Thursday, January 22, 2009

A heapin' helpin' of self help

Wow. Today is the first day I have felt something approximating "normal" for a few weeks (possibly even months?) now. A few days of happy companionship, a good night's sleep after weeks of insomnia - yes, I finally admitted out loud to an audience that my name is Kelly and I am an insomniac - and the sun is finally breaking through the grey clouds. I don't know whether to celebrate this fact (and risk scaring it away - my moods are flighty like that) or try and trick my brain into thinking this is my normal state by acknowledging it, but not making a big deal of it.

It's such a relief to feel this way again.

I read a description of the difference between pessimists and optimists yesterday that made me stop and think:

"All of us interpret the world around us, and we tend toward seeing the world, and our life, in largely positive or negative terms. Three critical factors determine whether we take an optimistic or pessimistic view of the world: permanence, pervasiveness, and personalisation.

On permanence: Pessimists see the good things in life as being transitory, and believe that the bad things are here to stay. Optimists are the exact opposite. They see the bad things as being temporary and the good things as having more permanence."

I have always considered myself a committed pessimist, thanks in part to my Dad - the cynic's cynic - who I worshipped throughout my developmental years, like all daughters worship their fathers. However, I have come to realise that this state of mind makes me unhappy, no matter how cool I thought it was to appear world-weary and a bit sneery in high school.

The above statement really made me stop and question the way I look at my life - throughout which, I have to admit, I have always seen the happy periods as a transient respite from what I believe to be the more permanent, entrenched, core feelings of dissatisfaction and sadness. I am coming to an understanding that it is this belief that is part of the problem, possibly more so than the feelings themselves.

That simple sentence made me question my way of thinking and consider the possibility that those dark periods are the transient state in an otherwise normal, happy life. If I dig down a little deeper, I think it is because I experience those feelings so differently - happiness feels like a fleeting bubbly feeling in my chest and throat - like the fizz in champagne - whereas the sadness sits in my stomach and radiates to my extremities in miserable waves. Somehow, sadness feels more real to me. How strange.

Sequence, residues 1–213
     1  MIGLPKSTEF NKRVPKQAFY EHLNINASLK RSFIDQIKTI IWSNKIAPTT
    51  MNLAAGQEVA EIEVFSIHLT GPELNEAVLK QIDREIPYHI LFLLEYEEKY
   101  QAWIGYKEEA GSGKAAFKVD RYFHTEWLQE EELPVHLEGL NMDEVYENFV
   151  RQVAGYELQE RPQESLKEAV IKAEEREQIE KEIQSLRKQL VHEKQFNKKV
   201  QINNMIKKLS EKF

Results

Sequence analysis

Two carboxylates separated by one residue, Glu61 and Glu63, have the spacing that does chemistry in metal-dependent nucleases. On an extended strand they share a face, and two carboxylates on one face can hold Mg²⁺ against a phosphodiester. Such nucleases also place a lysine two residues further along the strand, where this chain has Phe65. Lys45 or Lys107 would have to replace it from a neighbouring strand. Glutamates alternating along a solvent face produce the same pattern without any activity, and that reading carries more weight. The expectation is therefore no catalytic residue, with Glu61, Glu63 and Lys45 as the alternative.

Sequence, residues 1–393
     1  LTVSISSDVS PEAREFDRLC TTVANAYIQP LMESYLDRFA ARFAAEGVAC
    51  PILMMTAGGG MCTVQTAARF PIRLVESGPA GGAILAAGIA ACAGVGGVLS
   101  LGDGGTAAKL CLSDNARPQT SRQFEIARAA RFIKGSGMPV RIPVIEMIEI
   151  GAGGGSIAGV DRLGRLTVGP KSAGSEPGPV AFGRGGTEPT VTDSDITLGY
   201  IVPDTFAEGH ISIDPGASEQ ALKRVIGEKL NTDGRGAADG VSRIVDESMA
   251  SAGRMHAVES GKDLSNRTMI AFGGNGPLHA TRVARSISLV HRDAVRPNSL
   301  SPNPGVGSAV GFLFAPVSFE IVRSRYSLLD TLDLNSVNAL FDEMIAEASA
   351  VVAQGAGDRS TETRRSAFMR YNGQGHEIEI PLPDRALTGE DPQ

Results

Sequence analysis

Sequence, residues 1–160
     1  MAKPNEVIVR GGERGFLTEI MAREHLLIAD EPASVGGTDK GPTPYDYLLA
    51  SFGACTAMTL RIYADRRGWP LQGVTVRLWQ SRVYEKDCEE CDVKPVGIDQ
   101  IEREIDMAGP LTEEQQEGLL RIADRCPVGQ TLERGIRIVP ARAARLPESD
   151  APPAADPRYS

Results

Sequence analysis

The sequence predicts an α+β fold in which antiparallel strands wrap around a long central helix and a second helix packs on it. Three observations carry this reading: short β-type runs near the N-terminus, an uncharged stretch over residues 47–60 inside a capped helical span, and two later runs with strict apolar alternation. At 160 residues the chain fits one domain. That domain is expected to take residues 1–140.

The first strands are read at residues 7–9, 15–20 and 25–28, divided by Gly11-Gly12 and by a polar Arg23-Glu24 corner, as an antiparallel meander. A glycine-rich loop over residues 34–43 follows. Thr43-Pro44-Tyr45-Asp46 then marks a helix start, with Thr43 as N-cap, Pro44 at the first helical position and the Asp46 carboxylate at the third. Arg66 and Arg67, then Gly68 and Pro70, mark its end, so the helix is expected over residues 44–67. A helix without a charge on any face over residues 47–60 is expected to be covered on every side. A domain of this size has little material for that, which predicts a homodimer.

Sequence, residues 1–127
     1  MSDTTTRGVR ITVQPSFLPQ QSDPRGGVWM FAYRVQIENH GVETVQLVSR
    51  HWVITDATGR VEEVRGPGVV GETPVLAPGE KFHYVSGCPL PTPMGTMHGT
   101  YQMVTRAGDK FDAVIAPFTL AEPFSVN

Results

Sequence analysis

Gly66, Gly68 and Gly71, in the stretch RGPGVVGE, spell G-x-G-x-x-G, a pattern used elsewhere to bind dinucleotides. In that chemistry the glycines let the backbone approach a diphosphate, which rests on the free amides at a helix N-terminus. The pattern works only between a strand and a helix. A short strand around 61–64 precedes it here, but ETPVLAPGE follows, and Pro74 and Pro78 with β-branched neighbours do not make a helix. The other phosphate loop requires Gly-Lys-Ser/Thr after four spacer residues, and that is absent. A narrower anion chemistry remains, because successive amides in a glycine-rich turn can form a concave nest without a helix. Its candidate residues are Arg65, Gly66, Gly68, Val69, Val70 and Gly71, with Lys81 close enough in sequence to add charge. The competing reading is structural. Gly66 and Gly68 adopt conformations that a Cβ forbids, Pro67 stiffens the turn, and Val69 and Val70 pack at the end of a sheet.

Which brings me to:

"Personalisation: Pessimists, when things go wrong, tend to see them as a result of their own personal failings or shortcomings, but when things go well, they tend to dismiss the good fortune as “just getting lucky." However, when things go wrong for optimists, they are more likely to believe it was “just bad luck.” When things go well for optimists, they see it as a result of hard work."

This is so true of me, it's not funny. I can be optimistic about other people - I believe with every instinct in my body that people are fundamentally good - but I am terribly negative about myself, my life and my potential. For some unfathomable reason, I don't feel I deserve to be happy.

I don't know how difficult - or plausible - it is to change from a pessimist to an optimistic outlook. I seem to swing between them depending on my mood, my proximity to dark chocolate, and how much sleep I'm getting - but I am at least trying to notice when I have an automatic "negative" thought about something. Noticing is the first step. Challenging is the next. Beyond that, it's down to diligence and willpower to keep noticing and keep challenging, all the while working on propping up my fragile self-esteem.

It's hard work, this self-help business. It feels like so much of what goes on in my head is beyond my control - but it's my flippin' brain, after all! I own you, brain! Do my bidding! I can't shake the feeling that I should somehow be able to out-think my moods, outwit them - but could it be that a simple shift in perspective, if practised diligently, could be a smarter way to go about it?